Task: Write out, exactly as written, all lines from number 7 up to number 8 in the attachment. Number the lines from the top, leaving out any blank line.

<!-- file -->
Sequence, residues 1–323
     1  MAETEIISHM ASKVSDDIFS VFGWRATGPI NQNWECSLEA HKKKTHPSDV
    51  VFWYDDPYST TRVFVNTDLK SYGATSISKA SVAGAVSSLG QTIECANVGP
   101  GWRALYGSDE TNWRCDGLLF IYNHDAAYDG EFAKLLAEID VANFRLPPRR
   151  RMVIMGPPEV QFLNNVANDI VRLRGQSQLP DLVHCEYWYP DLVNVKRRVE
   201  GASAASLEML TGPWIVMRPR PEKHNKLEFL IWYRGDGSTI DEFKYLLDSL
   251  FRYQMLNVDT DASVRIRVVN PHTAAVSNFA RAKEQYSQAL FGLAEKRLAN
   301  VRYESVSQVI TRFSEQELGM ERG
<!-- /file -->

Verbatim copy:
   251  FRYQMLNVDT DASVRIRVVN PHTAAVSNFA RAKEQYSQAL FGLAEKRLAN
   301  VRYESVSQVI TRFSEQELGM ERG